start up after the download. Subsequent start ups were normally about 10
My review device would typically take 10-15 seconds from powering on, to the point where I could play a song. Waiting for it to be ready can get really annoying.
Once the player is up and running, there are only minor changes with the user interface as compared to the Xcelf. The menus look the same, the directory structure looks the same, operation is the same, searching features are the same, FM radio features are the same, etc. If you want to see many more screen captures, take a look at the Xclef review.
The only real change that I noticed was in the song playback display. While the Xclef showed both the previous and next tracks to be played at the bottom of the display, the DMC800 shows just the next track. This frees up room at the top of the display to include the name of the currently playing album. I like this new layout much better.
You also might notice the new graphics at the bottom of the display. They are little speakers that show pulses as the music plays. Cute :o)
I really wish DMC would have added a few more changes to the interface. There really needs to be a way to play all the songs by a specific artist if you have multiple albums by that artist. As it is, you have to go into each album folder individually to play the songs.
Another cool feature that I would like to see in the future would be the ability to record from the built in FM radio at a preset time / date, station.
I can live with those limitations because the audio quality of the DMC800 is great! Compared to my 4th generation iPod, I’d have to say that it may be a tiny bit better and it might have a little bit more volume. I don’t know if it’s just my imagination, but the DMC also seems to sound better than my iPod in my truck when using a cassette adapter.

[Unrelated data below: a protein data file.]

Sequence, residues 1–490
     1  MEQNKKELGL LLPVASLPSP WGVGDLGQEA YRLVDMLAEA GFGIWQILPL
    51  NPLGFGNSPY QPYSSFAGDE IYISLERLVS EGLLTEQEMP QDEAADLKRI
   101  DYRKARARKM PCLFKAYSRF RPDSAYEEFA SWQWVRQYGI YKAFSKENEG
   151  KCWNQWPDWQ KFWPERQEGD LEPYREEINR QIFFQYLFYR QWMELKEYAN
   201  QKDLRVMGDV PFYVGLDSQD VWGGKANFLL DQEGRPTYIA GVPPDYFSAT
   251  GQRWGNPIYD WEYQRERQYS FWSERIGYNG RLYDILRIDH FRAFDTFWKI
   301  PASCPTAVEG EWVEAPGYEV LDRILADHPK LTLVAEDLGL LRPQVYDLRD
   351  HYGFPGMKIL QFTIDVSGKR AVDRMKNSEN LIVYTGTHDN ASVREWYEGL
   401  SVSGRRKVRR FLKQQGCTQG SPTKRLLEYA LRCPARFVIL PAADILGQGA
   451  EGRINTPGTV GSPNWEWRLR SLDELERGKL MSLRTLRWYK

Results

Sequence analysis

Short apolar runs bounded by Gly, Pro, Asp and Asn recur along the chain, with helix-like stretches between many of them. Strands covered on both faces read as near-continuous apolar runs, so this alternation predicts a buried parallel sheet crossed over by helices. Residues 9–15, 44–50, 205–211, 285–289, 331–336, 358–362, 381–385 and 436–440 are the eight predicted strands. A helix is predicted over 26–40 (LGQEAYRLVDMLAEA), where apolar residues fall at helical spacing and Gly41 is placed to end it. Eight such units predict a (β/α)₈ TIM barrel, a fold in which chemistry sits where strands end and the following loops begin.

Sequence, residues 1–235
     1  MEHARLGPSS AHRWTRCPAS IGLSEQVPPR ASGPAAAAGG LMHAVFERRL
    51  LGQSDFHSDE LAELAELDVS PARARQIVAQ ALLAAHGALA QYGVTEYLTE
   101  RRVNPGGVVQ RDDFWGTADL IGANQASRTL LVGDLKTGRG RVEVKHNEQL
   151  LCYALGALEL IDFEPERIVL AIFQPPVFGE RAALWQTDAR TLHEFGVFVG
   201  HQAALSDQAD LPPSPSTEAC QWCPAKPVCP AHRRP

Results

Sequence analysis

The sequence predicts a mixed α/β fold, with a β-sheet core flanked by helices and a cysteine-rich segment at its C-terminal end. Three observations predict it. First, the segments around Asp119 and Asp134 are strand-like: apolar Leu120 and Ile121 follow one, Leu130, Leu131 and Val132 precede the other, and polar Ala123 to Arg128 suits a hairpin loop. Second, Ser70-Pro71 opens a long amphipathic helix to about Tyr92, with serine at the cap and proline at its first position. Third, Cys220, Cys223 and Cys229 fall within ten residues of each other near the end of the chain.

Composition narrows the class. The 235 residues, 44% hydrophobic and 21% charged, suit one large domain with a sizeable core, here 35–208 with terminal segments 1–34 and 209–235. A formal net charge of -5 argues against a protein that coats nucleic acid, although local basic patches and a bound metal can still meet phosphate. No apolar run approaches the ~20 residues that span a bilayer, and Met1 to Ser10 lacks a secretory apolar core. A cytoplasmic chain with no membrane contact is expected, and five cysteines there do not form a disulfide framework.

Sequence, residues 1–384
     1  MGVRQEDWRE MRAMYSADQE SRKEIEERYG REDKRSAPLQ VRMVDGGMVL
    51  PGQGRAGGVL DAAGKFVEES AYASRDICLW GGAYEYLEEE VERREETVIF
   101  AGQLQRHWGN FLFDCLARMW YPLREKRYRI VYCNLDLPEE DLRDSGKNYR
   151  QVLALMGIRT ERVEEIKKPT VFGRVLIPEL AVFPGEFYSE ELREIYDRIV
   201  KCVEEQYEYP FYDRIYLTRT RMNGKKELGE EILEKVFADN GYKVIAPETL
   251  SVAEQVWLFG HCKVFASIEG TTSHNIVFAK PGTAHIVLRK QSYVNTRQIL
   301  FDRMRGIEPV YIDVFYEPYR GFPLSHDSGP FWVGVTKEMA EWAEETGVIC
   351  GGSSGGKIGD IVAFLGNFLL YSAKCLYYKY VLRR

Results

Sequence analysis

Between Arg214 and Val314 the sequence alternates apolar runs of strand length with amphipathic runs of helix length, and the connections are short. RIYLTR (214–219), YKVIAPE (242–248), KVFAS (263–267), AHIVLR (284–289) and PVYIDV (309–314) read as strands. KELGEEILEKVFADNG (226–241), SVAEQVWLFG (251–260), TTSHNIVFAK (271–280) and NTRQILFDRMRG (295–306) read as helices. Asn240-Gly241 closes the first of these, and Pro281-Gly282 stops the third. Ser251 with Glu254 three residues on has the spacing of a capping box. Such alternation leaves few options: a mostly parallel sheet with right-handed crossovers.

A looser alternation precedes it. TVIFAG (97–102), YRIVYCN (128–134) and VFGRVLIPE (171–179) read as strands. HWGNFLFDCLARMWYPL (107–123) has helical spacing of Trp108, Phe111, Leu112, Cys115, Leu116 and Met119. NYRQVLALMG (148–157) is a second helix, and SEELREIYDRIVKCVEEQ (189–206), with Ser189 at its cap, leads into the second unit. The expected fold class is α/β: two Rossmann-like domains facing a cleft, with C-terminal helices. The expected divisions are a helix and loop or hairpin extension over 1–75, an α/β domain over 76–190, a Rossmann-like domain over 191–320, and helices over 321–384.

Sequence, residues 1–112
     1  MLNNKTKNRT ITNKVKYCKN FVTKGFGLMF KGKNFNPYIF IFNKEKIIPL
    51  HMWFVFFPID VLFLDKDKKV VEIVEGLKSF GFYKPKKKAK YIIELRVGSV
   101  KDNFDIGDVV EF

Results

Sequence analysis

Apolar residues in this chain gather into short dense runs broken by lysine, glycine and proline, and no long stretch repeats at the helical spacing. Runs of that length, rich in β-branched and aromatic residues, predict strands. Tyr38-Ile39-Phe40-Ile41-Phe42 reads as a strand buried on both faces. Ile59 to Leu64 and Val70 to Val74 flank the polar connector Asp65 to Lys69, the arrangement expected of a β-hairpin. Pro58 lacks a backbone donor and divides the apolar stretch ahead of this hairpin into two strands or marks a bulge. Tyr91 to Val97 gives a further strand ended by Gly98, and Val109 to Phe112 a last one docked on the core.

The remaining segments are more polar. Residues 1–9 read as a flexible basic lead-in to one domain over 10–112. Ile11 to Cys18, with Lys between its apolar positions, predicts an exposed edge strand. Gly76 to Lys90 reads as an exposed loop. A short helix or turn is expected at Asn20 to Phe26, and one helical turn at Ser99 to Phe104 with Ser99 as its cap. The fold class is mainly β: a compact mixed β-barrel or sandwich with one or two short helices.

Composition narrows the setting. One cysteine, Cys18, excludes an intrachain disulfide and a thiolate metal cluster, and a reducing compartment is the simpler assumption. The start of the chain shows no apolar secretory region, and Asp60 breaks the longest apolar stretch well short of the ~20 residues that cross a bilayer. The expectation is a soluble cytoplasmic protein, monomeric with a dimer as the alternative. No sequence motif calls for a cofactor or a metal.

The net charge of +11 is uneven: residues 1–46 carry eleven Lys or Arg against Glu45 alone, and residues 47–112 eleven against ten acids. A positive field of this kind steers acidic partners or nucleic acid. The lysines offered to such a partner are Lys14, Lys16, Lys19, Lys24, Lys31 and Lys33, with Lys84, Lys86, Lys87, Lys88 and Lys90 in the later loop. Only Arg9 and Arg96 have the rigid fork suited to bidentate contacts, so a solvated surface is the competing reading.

When you do take this player out and about, you’ll want to keep it protected. To help you out, a vinyl belt case is included. It’s not exactly flattering, but hey, it’s free!
Just like the Xclef, the DMC800 has a lot going for it. At $299, it’s the same price as the 20GB iPod. But, the DMC800 also has an FM radio, the ability to record voice and input and OGG Vorbis support. Being able to use this device as a plug and play hard drive is great feature as well. I keep it in my gear bag just for that purpose. I think this player will appeal to someone that wants a little more out of their digital music player than the iPod currently has to offer, and doesn’t mind some of its limitations. I’m really looking forward to what DMC will come out with next.
Price: $299 (20GB)
Functions as USB storage device
Great sound quality
Supports Ogg Vorbis format
Ability to update firmware and hardware
Start up time too long
Charging requires you to turn the unit on
Does not automatically turn off after charging